Those good, honest folk who populate the nation’s newsrooms were throwing their trilbies in the air in triumph earlier this month after the MoJ published its long-awaited draft Defamation Bill (see story).
The red tops in particular have had something of a rough ride over the last few months, what with the draconian measures being rolled out to stop them spying on innocent members of the public and accusations flying around that maybe some parts of what they publish may have only a passing acquaintance with absolute truth.
But they can stop reaching for that supermarket scotch hidden in the desk drawer for a while as justice secretary Ken Clarke seems to have enshrined a few basic journalistic rights, if that isn’t an oxymoron.
The Bill “will ensure that anyone who makes a statement of fact or expresses an honest opinion can do so with confidence,” said Parliament’s favourite cigar chomper.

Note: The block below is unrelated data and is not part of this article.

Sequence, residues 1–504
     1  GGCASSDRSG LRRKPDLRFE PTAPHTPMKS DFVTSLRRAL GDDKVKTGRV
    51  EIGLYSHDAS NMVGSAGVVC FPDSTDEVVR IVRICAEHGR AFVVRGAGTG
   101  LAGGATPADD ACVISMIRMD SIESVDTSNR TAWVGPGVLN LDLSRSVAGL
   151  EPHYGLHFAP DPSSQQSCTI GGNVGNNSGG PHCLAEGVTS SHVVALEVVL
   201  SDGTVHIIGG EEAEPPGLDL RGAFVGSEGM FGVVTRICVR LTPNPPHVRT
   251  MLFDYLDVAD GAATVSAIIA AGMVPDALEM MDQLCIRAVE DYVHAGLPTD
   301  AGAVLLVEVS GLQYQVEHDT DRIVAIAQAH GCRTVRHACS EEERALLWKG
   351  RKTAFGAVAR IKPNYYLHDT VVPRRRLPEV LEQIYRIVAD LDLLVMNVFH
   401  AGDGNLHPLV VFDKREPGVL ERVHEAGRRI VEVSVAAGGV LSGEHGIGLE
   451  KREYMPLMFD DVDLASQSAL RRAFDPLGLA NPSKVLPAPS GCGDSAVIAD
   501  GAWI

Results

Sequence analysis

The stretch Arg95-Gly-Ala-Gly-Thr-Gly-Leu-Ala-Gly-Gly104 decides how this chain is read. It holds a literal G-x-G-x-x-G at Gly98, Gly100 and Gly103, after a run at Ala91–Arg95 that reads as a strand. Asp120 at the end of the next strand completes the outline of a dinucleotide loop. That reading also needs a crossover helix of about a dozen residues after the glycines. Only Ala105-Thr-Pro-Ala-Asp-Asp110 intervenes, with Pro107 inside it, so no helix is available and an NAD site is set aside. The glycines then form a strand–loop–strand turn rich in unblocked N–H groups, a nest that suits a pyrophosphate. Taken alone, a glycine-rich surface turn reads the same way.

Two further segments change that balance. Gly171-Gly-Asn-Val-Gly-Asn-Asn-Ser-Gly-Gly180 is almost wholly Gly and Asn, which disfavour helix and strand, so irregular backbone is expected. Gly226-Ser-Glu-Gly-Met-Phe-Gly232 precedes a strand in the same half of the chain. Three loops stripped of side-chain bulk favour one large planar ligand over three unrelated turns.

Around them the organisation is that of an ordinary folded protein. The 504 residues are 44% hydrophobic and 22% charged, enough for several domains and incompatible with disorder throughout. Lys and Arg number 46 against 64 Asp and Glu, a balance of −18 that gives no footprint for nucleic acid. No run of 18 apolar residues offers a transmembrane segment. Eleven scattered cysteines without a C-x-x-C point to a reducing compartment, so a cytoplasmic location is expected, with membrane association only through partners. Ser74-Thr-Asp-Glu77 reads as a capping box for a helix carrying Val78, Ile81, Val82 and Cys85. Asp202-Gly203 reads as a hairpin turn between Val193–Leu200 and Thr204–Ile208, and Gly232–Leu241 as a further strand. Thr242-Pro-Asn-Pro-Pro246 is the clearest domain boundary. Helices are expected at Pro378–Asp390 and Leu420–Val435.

All of which sounds suspiciously like the ’fair comment’ defence that Fleet Street’s finest have been rolling out for decades with increasingly limited success, thanks to the work of, for instance, Justices Eady and Tugendhat.
Still, if it means your favourite news providers can now honestly state that they believe Fred Goodwin is a banker, we say it’s a small step on the long walk to freedom… of the press.
Elsewhere, the Government has selected six heavyweight silks to sit on an independent commission to examine whether there is a need for a UK Bill of Rights.
The commission, headed by former Permanent Secretary Sir Leigh Lewis, will look at the Human Rights Act and decide whether it properly reflects British freedoms. It is expected to report back to the Government no later than by the end of 2012.
The six silks are: 8 New Square’s Martin Howe QC; Blackstone Chambers’ Anthony Lester QC; Devereux Chambers’ Jonathan Fisher QC; Doughty Street Chambers’ Helena Kennedy QC; 4 Pump Court’s Anthony Speaight QC and Matrix Chambers’ Phillippe Sands QC (read more).